Effects of interaural decorrelation on neural and behavioral detection of spatial cues

Neuron. 1998 Oct;21(4):789-98. doi: 10.1016/s0896-6273(00)80595-4.

Abstract

The detection of interaural time differences (ITDs) for sound localization critically depends on the similarity between the left and right ear signals (interaural correlation). We show that, like humans, owls can localize phantom sound sources well until the correlation declines to a very low value, below which their performance rapidly deteriorates. Decreasing interaural correlation also causes the response of the owl's tectal auditory neurons to decline nonlinearly, with a rapid drop followed by a more gradual reduction. A detection-theoretic analysis of the statistical properties of neuronal responses could account for the variance of behavioral responses as interaural correlation is decreased. Finally, cross-correlation analysis suggests that low interaural correlations cause misalignment of cross-correlation peaks across different frequencies, contributing heavily to the nonlinear decline in neural and ultimately behavioral performance.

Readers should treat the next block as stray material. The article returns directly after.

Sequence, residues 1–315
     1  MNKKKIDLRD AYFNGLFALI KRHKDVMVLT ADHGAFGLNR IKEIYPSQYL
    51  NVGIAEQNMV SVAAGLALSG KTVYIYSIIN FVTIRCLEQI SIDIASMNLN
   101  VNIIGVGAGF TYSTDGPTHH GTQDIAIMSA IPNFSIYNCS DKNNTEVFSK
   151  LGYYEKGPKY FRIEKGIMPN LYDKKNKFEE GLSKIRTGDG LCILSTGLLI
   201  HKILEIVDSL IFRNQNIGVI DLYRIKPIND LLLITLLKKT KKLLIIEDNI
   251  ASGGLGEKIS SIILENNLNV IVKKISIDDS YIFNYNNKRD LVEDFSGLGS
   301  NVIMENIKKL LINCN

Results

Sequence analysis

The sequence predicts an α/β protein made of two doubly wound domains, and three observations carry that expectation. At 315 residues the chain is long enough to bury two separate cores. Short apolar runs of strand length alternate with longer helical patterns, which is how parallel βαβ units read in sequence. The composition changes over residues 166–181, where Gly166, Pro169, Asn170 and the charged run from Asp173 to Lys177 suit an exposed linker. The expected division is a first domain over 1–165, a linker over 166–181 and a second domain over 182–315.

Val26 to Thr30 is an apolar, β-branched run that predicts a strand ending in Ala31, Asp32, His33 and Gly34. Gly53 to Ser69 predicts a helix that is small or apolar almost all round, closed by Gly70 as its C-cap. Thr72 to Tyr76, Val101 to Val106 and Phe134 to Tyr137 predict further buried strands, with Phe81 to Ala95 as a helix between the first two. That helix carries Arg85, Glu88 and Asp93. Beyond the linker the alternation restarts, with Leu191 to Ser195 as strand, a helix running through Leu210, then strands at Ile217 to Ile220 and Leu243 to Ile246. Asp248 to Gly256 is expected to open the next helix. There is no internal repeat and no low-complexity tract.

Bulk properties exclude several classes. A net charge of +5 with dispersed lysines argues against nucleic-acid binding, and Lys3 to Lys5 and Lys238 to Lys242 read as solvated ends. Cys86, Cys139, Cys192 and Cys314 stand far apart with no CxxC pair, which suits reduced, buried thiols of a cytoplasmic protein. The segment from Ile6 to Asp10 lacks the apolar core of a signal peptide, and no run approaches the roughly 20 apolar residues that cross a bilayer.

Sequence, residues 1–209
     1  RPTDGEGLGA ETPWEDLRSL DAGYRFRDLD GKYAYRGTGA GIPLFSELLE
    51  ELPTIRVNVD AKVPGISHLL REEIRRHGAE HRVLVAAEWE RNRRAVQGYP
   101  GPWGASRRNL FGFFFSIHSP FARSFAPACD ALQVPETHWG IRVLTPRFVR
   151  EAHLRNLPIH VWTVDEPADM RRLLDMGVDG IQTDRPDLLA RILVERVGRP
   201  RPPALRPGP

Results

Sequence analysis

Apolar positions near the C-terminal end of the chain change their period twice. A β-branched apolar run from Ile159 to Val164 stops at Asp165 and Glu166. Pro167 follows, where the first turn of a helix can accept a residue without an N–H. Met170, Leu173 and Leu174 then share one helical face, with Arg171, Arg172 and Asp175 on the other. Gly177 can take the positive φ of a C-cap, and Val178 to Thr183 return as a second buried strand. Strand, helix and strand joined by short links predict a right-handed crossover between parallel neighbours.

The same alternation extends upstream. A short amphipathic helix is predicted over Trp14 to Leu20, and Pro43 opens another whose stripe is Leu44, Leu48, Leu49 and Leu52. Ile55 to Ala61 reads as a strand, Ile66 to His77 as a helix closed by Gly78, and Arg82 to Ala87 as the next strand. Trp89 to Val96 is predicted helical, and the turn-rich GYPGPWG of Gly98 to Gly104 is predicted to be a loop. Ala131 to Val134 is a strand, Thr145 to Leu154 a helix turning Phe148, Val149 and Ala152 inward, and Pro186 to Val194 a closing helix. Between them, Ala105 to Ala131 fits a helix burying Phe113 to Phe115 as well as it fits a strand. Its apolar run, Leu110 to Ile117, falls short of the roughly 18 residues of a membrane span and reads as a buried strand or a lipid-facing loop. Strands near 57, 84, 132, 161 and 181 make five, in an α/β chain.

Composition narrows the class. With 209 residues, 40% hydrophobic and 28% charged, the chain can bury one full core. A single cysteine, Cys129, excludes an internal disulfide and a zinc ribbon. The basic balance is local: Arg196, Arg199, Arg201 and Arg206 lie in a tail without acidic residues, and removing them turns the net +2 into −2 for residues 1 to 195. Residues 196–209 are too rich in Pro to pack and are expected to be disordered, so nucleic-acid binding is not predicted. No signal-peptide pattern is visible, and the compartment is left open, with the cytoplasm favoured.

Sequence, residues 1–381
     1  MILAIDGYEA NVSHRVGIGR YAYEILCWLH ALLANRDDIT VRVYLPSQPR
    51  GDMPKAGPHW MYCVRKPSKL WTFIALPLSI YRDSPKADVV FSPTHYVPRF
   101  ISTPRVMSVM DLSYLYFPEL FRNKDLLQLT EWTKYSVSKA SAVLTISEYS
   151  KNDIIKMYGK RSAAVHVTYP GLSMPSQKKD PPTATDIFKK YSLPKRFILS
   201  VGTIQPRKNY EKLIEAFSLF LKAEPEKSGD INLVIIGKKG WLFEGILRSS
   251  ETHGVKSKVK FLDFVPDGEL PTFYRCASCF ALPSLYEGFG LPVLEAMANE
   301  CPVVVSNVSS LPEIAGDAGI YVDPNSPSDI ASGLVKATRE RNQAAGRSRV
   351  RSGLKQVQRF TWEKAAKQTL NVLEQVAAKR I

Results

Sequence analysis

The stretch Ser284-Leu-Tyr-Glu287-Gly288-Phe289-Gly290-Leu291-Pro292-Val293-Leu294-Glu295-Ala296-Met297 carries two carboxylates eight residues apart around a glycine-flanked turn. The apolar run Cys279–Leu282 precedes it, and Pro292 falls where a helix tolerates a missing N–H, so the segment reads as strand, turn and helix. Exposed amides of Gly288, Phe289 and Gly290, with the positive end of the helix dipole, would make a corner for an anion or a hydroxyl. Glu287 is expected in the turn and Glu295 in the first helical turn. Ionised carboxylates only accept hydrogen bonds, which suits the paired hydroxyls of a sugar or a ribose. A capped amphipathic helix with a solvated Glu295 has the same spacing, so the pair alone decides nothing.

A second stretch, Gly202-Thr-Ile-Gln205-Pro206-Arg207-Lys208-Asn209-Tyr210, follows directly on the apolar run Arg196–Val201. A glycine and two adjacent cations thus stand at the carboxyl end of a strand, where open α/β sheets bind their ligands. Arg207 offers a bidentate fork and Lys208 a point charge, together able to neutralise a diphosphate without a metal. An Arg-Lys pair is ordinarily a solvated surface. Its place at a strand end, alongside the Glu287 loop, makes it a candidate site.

Publication types

  • Research Support, Non-U.S. Gov't
  • Research Support, U.S. Gov't, P.H.S.

MeSH terms

  • Animals
  • Behavior, Animal / physiology*
  • Cues
  • Ear / physiology*
  • Neurons / physiology*
  • Sound Localization / physiology*
  • Strigiformes
  • Superior Colliculi / cytology
  • Superior Colliculi / physiology
  • Time Factors